A variety of ingredients can be utilized to help achieve soft-focus effects. Some include silicones, elastomer gels, polymethylsilsesquioxane and silicas. These are ideally dispersed into the hot oil phase; however, checking the formulation guidelines is vital to ensure the performance of the ingredient is optimized and that the ingredient is fully incorporated into the system.
There are multiple reasons why soft-focus materials are effective ingredients. They demonstrate high diffuse reflection, which reduces shine. Diffuser particles absorb minimal light and have a high total transmission to provide a natural appearance.2 Further, as noted, soft-focus ingredients not only help to alter the finish on the surface of skin, they also enhance the feel upon application, creating an overall positive consumer experience.3
Preservatives: Finally, preservatives are vital ingredients in any cosmetic formulation to help prevent the growth of yeast, mold and bacteria. Some examples that can be used in water-based serums are caprylhydroxamic acid, 1,2-hexanediol, phenoxyethanol and ethylhexylglycerin. When including these ingredients in an emulsion, it is important to check formulation guidelines to determine whether to incorporate them in a hot or cooled medium.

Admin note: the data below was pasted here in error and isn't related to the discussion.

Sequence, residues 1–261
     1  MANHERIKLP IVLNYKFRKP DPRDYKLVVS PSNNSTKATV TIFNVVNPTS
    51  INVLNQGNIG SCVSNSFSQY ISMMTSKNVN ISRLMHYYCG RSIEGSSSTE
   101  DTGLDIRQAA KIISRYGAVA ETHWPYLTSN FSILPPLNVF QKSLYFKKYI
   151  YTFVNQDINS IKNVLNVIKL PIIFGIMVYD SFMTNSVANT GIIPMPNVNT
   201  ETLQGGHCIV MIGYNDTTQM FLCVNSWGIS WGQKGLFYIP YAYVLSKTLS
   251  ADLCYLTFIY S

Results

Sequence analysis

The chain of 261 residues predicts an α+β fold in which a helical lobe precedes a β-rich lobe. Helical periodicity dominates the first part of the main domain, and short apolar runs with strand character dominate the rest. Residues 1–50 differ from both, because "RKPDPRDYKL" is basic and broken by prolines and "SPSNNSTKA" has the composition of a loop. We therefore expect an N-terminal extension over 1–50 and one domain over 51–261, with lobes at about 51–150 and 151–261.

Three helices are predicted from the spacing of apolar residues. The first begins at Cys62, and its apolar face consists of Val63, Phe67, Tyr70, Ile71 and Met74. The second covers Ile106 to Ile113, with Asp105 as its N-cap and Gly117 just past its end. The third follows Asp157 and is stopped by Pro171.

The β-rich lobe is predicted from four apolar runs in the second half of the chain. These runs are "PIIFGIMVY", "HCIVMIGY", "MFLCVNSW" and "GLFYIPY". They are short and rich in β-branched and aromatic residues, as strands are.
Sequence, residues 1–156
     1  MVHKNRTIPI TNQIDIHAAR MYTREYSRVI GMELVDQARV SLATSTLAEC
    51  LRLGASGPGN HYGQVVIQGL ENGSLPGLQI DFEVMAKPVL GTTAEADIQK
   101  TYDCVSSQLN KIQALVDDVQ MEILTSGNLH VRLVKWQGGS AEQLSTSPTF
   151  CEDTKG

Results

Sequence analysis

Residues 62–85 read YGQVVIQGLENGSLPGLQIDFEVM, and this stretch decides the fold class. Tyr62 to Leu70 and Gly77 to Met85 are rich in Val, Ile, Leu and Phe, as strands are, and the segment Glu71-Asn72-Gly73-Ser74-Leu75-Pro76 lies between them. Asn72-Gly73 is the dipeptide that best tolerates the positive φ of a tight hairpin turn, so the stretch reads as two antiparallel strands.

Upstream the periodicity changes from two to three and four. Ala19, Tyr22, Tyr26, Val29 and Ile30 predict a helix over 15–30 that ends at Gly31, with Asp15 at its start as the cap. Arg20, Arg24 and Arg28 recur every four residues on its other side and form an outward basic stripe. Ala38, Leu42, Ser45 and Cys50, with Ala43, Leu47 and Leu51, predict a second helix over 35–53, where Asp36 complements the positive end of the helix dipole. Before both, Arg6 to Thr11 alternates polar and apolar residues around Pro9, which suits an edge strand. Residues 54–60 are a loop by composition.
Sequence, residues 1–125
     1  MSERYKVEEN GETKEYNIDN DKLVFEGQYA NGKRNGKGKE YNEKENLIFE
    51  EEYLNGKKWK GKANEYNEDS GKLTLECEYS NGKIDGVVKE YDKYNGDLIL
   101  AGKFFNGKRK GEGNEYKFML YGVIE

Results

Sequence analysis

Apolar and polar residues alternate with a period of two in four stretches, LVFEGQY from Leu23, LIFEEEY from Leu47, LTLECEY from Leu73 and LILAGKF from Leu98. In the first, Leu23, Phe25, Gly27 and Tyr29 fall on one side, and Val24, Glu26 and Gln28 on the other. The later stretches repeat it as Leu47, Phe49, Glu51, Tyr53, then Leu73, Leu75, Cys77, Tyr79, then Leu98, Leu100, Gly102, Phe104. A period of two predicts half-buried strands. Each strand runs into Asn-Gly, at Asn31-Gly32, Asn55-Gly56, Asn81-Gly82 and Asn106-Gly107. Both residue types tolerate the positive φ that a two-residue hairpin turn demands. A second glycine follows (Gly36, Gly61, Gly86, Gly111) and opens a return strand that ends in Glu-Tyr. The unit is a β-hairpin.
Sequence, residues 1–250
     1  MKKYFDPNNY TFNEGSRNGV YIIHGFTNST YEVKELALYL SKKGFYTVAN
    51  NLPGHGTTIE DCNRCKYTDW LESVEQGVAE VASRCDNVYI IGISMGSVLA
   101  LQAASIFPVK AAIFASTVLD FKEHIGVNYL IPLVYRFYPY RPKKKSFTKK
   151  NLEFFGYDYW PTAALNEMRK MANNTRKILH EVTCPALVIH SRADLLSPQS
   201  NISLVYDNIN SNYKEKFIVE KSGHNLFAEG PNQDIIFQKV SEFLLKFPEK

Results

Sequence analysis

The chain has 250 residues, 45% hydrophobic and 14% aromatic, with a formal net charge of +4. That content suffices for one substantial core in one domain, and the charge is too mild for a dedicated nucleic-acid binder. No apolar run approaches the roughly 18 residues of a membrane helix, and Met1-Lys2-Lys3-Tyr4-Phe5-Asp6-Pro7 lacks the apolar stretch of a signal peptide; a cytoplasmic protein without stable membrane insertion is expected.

Getting that blurred and soft-focus look is all about using ingredients that diffuse light and smooth the skin. This helps to provide a smooth canvas for the addition of complexion products. Adjusting the oil phase in primers according to skin type can also assist in the wear time of complexion products. The use of stabilizing agents and emulsifiers will allow oil and water to peacefully coexist, creating an o/w emulsion that is aesthetically pleasing upon application and during dry down. Applying the described formulation techniques can help product developers to create the "perfect" Instagram-like filter on the skin.
Previous "Formulating on Trend:" AHA Deodorant
1. Baki, G. and Alexander, K.S. (2015, Mar). Introduction to cosmetic formulation and technology. Wiley. Available at: https://www.wiley.com/en-us/Introduction+to+Cosmetic+Formulation+and+Technology-p-9781118764893
2. Deckner, G. (2014, Jun 20). Soft focus technology. Prospector. Available at: https://www.ulprospector.com/knowledge/692/pcc-soft-focus-technology/
3. Lam-Phaure, L. (2021, Nov 23). Formulating on trend: K-beauty 'glass skin.' Cosmetic Toilet. Available at: https://www.cosmeticsandtoiletries.com/formulas-products/formulating-basics/article/21915734/formulating-on-trend